Post-Early Twenties

15. Arcade Fire - Funeral (2004)
This album was a gateway album to so much amazing music for me. I credit them with my love for Stars, Broken Social Scene, Neko Case and so many others. Their new album - The Suburbs - also wonderful. One of my favourite songs is Anthem for a Seventeen Year Old Girl and I don't think I would have ever found it without first finding Arcade Fire.



Honourable Mentions: Heart by Stars, You Forgot it in People by Broken Social Scene,  Fever to Tell by the Yeah Yeah Yeahs, The Best of Etta James by Etta James, Arular by MIA, Middle Cyclone by Neko Case, Rumours by Fleetwood Mac.







Want to play? What music defined the different phases of your life? Leave a comment.

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Why Didn't We Cover this in Girl's Choir?



This may be the best thing I've ever seen. Wonder what Gail Fry and Doctor Cherland would think?

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And now on a lighter note...



Pretty good marketing gimmick.

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One Night in San Blas

I really need a new video camera - my old Flip is so grainy. Or I need to learn how to properly compress video files for Youtube. Ah well, here it is:



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New Theme Song?



"You better close your face and stay out of my way if you don't wanna go to fist city." I wouldn't mess with Loretta Lynn.

Oh, this song would have come in handy about four months ago!


(song via Tea Pots Full of Gin)

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Dan and Amy go to Tepic

My old Flip camera is rubbish and the Internet is slow here so I had to compress the heck out of it, but here is a little movie about our trip to Tepic, the capital of the Nayarit region of Mexico. We went primarily for the Walmart because San Blas doesn't have a lot of creature comforts and we realized that there are a lot of things we would need to stock up on to make it through all six weeks. The bus trip costs about $8 USD return each and takes about two hours. We've been twice and this is the time when I didn't feel like puking the entire way.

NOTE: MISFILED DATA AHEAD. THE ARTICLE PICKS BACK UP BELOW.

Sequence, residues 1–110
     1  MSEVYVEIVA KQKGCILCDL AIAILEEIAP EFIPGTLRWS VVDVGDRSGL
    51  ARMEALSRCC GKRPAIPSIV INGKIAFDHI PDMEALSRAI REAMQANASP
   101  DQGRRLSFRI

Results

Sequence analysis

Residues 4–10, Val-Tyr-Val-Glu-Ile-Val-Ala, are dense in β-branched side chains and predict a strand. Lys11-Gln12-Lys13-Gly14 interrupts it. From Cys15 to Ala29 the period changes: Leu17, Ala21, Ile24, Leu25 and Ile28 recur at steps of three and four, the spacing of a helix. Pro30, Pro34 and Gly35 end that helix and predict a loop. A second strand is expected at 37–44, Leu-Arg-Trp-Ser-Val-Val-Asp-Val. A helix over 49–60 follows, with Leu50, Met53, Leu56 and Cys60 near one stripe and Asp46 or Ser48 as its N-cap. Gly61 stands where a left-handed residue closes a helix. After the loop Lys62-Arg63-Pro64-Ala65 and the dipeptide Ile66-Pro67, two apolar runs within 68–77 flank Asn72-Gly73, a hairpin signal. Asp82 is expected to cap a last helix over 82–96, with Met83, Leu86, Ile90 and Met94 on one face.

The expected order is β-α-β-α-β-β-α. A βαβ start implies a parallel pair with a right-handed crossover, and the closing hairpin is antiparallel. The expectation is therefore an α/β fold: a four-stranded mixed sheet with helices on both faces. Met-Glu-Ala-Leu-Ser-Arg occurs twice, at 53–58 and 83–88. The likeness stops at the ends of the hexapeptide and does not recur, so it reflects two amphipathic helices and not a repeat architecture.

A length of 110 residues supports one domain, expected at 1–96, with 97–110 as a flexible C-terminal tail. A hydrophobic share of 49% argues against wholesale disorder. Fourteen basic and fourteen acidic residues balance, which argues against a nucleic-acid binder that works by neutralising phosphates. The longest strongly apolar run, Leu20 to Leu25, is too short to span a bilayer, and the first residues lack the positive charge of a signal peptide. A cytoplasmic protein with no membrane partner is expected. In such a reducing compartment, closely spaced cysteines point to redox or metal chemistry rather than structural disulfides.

Oh, and my hair is really bad. I need a haircut. Quite seriously. Yeah, and not so good with the iMovie and not sure how to fade out music. Apart from that, it's wonderful!



Taking the bus in Mexico is an experience. People get on and off constantly with things to sell. In the case of the guy with the nuts (in the video) he came on, gave us all nuts, told us what I'm guess is a sad story about his life and then came around expecting either money or his nuts back. The last time we went to Tepic, on the way back we'd dozed off only to be awoken by buskers who got on and decided to play a rousing mariachi for twenty minutes, and not well. It was funny and a little bit embarrassing - like watching a really bad American Idol audition, two feet away and it goes on for a really long time. I wish I'd had the Flip for it.

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I'm Popular With the Mosquitoes



They've always loved me. We get a lot of them in Saskatchewan, especially in the spring, and I can remember counting one year to find that I had about 200 bites on my hands and ankles alone. Liquid Neurophen is helping quell the itch a bit, but I am feeling a little bit like Will Ferrell in the hideous film Land of the Lost; every morning I wake up with a few new bites. 

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Lemonade



Beautiful, haunting, crack-pot and creepy video for Lemonade by Cocorosie.

The first singer sounds so much like Bjork to me! Speaking of which, have you seen the house the Prime Minister of Iceland recently gifted to her? So lonesome and lovely:


Image via The Independent

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Rosanne Bar on Riot Grrrls and Feminism



Classic, funny and hell yeah!

Via Slow Motion Crawl

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Pretty Pictures - Doris Day with Rainbow Poodles

I spent a lot of time with my grandmother when I was little. Our summers were mostly spent out at a little beach cabin with no running water and no television. I credit the long hot months we spent there during my formative years for my love of reading, writing and my genuine comfort with spending time with myself.

We didn't have a television at the beach so there were no movies or sitcoms, but during the winter we made up for it with a very specific mix made up mostly of musicals, Westerns and Bruce Lee films. Doris Day (pictured above with rainbow coloured poodles) was one of my grandmother's favourites, in particularly her turn as Calamity Jane - the famous female Western gunslinger. Day's portrayal of Jane was quite different from how the character was represented in Deadwood; although I'm sure Deadwood is more accurate, I prefer to think of poor Calamity as the awkward, candy-coloured tom-boy of the classic musical. The girl with the heart of gold and the happy ending. Swoon!





Image via Whorange.

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Daily Affirmation



I'm not terribly into self-help mumbo-jumbo, but this little girl is onto something. If only we could all feel this excited and happy about our lives!